Long ago, I learned an important lesson about standing for what's right. I'll share it with you in hopes that you can avoid my mistake.
One Sunday, as parishioners exited the service, they stroked my ego with comments like, "God used you today. Thanks for your courageous stand against abortion."
I felt good about myself because I had been an enthusiastic spokesman for God on a controversial subject. The reactions were so positive that I made a mental note to preach on abortion again.
Then, as I did following every service, I went to my study to unwind. A young woman knocked on the door. I could tell she was troubled.
"Pastor, I know you're tired, and I don't want to keep you. But could you spare a few minutes?"
"Sure," I said. To be perfectly candid, I expected more affirmation, anticipating that she would also comment positively about the sermon on abortion. But she surprised me by asking, "Pastor, do you know how many women like me were sitting in the congregation today?" I thought maybe she was talking about the number of women who came to church alone.
"No, I really don't. I don't think I know what you mean."
Then like water from a broken dam, the pain from her own abortion gushed out. She graphically shared her sense of loss. She explained the agony she felt every anniversary of her unborn child's death. She described how far from God she felt. Then she shocked me even more by saying that perhaps one in 10 women in her age group had had an abortion — and some were probably sitting in church during that morning's sermon.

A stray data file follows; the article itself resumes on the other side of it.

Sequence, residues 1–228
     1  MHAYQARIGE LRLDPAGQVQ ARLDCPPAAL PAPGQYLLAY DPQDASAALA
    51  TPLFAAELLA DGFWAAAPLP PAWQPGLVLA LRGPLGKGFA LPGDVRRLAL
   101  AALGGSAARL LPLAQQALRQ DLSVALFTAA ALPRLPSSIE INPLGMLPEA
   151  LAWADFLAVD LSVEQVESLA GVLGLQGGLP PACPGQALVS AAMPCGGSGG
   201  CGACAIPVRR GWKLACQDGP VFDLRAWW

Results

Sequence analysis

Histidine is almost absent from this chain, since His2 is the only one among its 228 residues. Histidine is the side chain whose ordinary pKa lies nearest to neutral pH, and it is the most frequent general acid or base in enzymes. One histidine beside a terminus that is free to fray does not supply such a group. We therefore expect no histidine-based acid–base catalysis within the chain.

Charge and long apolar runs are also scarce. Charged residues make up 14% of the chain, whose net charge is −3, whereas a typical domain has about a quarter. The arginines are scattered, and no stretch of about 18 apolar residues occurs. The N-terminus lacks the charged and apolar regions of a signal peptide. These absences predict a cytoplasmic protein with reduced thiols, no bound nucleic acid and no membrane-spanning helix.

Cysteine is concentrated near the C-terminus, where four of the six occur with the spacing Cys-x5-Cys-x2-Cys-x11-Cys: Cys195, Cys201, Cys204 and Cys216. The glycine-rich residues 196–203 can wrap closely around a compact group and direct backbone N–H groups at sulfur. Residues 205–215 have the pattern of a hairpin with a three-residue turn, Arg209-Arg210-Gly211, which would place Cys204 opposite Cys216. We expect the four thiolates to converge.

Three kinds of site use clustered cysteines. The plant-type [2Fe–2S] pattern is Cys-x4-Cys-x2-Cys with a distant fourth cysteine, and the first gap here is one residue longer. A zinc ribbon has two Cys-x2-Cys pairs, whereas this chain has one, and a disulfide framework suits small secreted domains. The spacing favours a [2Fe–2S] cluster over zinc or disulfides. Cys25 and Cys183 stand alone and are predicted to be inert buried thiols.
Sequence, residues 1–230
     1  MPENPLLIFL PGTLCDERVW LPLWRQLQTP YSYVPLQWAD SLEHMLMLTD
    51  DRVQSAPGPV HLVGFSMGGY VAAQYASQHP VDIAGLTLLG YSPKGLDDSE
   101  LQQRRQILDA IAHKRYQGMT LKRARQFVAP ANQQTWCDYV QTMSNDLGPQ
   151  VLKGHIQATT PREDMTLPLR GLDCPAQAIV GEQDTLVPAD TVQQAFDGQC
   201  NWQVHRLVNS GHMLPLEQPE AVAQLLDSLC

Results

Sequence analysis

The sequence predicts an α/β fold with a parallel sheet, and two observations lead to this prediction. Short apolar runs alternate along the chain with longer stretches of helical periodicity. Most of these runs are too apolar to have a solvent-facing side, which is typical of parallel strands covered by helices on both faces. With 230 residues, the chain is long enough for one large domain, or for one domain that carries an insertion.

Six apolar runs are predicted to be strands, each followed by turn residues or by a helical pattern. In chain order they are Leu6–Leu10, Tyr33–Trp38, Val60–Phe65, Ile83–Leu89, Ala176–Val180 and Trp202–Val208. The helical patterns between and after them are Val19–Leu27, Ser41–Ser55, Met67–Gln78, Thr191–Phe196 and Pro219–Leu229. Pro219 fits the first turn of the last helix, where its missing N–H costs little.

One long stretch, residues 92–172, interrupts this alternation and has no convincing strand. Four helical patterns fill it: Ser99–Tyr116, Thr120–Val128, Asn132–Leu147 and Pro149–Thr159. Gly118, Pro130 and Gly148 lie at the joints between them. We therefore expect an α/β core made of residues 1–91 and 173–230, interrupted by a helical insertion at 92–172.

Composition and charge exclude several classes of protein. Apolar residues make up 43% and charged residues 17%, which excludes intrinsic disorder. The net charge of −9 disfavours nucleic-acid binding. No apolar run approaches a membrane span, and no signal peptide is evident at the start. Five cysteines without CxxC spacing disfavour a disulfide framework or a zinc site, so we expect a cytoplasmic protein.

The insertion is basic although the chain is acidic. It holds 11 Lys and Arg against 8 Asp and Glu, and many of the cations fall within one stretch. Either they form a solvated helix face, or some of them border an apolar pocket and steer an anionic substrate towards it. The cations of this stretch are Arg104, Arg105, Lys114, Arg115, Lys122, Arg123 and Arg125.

"You seemed so determined to communicate your pro-life message that you forgot about women like me who have lived through an abortion. You failed to realize that many men also feel guilty because they insisted or at least consented to an abortion by their girlfriends or wives."
That woman changed my life. She opened my eyes. She brought me back to the reality of what it means to be a pastor — learning to hate sin more and love sinners to Christ's forgiveness.
Don't get me wrong. I am against abortion with every fiber of my being. But I am a pastor. And being a pastor places unique demands on my attitudes.
To you pastors and church leaders who stand on the corners with pro-life signs as I have, who pray in front of abortion clinics as I have, who have pro-life organizations in your churches as I have — I commend you. I respect your bravery and your courage. I laud you for taking a strong stand against this evil.
And I plead with you to think about all the women who are spiritually traumatized when we preach about life issues because they have firsthand experience of this pain and loss. I beg you, the next time you preach and teach on the subject of abortion — or any sin, for that matter — tell your congregation that sin is wrong, but don't forget to tell them that God offers forgiveness for those who live under the dark shadow of guilt. Tell them there is hope, by adding gentleness to your preaching. Tell them that coming to God is the answer to the crushing anguish they carry. Tell them that they do not need to carry this burden any longer. View yourself not only as a stalwart against sin, but also as a physician for the soul.
Ever feel like you need to wear a mask to cover up who you are? Are you concerned that, if people knew who you really are and how you really felt, they wouldn't understand?
One minister, two jobs and the family that's at the top of the list. The number of bivocational ministers, those in full- or part-time ministry who carry an additional job, is estimated by some researchers to be as high as 30 percent of ministers nationwide.
"You should see the church they attend," Lucille said, armed with bulletin and newsletter. Creases formed across my brow as celebration gave way to comparisons a trap that had sprung too many times.